Campaign Committee Contributions, Lawsuits and River Days: San Diego Summarized | 5-21-18
Welcome to San Diego Summarized where each week we examine headlines from around the city:
There are two groups opposing SoccerCity; The Friends of SDSU and No On SoccerCity.
Through March, the Friends of SDSU group has raised about $1.6 million with the No on SoccerCity group gathering another $2.1 million.
The official campaign committee supporting SoccerCity is called GOAL: San Diegans for the River Park School Funding Soccer and a Tax-Free Stadium. Filings show that it has raised over $3.7 million as of the end of March.
What is interesting is the source of where the bulk of the funds raised. With SoccerCity, La Jolla-based FS Investors' founder Michael Stone leads the effort, having given about $1.3 million. Nick Stone, a partner in the firm unrelated to Michael Stone, has given about $66,400.
Some of the other top donors to GOAL include San Diego Padres part-owner Peter Seidler, San Diego-based investment firm Bridgewest Ventures, founded by the doctors Masood and Massih Tayebi, and retired Qualcomm vice chairman Steven Altman. All of those individuals are direct investors in the SoccerCity project.
The two separate-yet-synchronized campaign committees that are working against SoccerCity have some common threads. H.G. Fenton Co and Sudberry Properties have both contributed to the Friends of SDSU committee as well as the No on SoccerCity committee. They’ve donated $99,000 each to the Friends, and another $1,000,000 each to the No on SoccerCity effort.
It’s no surprise that the Sudberry and Fenton groups would be so much more invested in defeat of SoccerCity over the success of SDSU West. Sudberry Properties is the developer for the Civita community located about two miles from the SDCCU Stadium site. The Civita development is comparable to SoccerCity, covering about 230 acres and topping out just under 4,800 housing units with additional space for retail, parkland and offices. If SoccerCity was to be victorious in November, the housing stock created there will likely negatively impact the demand for older housing nearby.
Many regular Green Line trolley-riders will recognize the Fenton Parkway stop that is just behind the IKEA store inside the Fenton Marketplace that is literally next door to the SDCCU Stadium. H.G. Fenton and its related LLCs own 23 parcels throughout the 92108 zip code, according to county parcel records and a company spokeswoman.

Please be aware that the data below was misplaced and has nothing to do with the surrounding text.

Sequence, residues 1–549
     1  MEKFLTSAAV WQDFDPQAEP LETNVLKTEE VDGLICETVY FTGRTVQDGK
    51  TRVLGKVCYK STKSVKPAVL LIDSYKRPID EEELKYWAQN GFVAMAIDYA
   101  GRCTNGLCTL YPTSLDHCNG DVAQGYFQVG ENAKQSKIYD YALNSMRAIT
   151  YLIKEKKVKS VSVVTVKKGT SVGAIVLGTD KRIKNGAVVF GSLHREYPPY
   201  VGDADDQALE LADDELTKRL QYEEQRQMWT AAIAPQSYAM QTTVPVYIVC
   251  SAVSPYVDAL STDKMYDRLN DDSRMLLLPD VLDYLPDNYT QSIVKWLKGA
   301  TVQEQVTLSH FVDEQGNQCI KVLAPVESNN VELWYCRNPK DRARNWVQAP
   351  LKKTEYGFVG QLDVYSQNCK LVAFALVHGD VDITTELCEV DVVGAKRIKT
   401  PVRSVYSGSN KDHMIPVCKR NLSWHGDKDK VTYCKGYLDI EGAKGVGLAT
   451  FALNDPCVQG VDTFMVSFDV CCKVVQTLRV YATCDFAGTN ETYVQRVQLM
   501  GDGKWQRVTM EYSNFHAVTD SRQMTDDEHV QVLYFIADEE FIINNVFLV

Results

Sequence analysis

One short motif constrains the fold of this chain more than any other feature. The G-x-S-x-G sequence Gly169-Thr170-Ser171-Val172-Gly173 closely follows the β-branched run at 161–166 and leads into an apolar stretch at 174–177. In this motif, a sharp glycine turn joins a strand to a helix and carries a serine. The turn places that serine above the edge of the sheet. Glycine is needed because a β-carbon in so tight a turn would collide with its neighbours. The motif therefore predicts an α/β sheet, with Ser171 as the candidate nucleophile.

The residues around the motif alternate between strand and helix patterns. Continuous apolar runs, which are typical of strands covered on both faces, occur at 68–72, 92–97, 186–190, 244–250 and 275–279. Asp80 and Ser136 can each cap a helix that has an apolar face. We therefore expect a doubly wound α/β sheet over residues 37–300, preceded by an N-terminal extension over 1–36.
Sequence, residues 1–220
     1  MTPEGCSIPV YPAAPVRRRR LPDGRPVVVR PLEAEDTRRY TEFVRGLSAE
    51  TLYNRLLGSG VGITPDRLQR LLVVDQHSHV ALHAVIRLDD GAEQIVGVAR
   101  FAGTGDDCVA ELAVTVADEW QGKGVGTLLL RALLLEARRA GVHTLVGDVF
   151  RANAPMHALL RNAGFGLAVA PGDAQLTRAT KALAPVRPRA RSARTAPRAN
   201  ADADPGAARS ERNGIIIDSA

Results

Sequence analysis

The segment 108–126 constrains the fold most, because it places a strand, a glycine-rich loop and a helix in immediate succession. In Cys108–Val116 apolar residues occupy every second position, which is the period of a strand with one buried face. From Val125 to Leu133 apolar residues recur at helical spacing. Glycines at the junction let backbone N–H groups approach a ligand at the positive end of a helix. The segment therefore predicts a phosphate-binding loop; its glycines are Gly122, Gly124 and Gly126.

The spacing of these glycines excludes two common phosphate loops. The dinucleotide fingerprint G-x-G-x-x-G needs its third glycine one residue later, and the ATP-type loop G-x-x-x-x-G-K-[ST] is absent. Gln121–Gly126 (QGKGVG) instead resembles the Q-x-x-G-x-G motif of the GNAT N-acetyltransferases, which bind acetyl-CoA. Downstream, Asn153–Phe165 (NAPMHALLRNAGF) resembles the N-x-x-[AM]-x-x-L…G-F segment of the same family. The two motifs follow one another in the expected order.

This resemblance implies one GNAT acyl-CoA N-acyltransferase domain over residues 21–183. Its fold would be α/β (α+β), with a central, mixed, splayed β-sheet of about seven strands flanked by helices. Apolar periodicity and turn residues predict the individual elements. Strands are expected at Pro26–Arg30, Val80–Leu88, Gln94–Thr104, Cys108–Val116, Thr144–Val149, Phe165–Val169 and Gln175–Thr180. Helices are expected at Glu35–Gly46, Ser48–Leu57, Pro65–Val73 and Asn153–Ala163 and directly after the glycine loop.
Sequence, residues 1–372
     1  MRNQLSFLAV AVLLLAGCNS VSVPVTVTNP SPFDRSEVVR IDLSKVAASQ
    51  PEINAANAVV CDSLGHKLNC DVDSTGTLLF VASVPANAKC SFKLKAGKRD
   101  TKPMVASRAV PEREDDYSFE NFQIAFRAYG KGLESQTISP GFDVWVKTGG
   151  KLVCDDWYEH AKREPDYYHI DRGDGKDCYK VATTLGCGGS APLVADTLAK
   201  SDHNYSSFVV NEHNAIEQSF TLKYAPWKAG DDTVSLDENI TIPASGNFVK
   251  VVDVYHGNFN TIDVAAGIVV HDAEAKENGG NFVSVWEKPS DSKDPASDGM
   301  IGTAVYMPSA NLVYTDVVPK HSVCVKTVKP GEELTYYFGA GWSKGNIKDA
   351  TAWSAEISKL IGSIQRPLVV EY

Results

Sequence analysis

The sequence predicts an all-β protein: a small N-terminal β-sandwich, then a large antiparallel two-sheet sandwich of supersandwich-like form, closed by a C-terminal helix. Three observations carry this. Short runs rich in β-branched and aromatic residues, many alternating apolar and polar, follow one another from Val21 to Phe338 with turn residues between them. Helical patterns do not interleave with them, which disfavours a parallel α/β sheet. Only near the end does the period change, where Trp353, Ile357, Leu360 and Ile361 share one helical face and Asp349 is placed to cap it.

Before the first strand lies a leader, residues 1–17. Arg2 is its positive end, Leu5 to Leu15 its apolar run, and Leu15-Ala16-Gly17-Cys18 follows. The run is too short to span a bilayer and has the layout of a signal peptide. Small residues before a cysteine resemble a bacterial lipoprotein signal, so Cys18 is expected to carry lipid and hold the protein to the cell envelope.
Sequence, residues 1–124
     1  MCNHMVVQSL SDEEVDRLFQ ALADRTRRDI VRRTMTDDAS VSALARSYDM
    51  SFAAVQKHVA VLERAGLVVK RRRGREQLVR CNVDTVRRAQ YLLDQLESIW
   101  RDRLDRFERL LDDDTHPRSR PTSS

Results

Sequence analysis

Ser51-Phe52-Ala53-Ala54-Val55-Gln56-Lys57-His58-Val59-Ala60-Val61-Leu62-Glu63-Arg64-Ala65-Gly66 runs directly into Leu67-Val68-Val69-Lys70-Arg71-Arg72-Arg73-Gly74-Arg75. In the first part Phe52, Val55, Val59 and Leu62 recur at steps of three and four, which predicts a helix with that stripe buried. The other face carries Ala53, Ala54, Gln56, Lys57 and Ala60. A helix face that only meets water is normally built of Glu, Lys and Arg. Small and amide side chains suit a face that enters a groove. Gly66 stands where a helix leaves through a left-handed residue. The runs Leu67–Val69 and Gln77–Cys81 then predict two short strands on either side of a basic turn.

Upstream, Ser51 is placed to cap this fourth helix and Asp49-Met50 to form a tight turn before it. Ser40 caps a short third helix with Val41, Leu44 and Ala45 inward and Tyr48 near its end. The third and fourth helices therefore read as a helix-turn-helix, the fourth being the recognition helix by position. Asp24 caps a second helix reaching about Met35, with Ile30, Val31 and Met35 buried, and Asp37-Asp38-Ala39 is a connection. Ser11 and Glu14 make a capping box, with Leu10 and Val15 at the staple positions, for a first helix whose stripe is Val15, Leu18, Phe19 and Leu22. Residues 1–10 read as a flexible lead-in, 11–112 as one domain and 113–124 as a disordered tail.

That zip code includes the stadium and stretches from western Mission Valley to Grantville, just east of Interstate 15. H.G. Fenton’s parcels include four apartment buildings that have a combined 1,247 homes. There are also several office buildings and retail spaces in the Fenton portfolio.
In other news, the 15th annual San Diego River Days celebration concluded on May 20th. Originally conceived during a discussion at a San Diego River Coalition meeting in 2002, River Days has grown into a two weekend event full of activities all up and down the river.
Local resident Karl Hurlbert recounted his experience volunteering for the Clean & Green River Cleanup: Mission Valley East event on the morning of May 19th.
“The San Diego River holds a special place for me and my family. The first two years of our marriage we lived on Rancho Mission Rd often walking along the river walk; a place we visited almost daily during the last trimester of her pregnancy with our first child. Getting out of the car all those memories came rushing back and those matched with the smiling faces of the other volunteers quickly made the mood move from task-oriented to a ‘there’s no other place I’d rather be than right here’ mood...”
Lastly, in an update sourced from a section of the ever-excellent Voice of San Diego Politics Report, the lawsuit filed by the City Attorney against both SoccerCity and SDSU West gets a little more analysis.
Last week, City Attorney Mara Elliott announced the city is suing SoccerCity and SDSU West, the competing measures to redevelop the former Qualcomm Stadium property.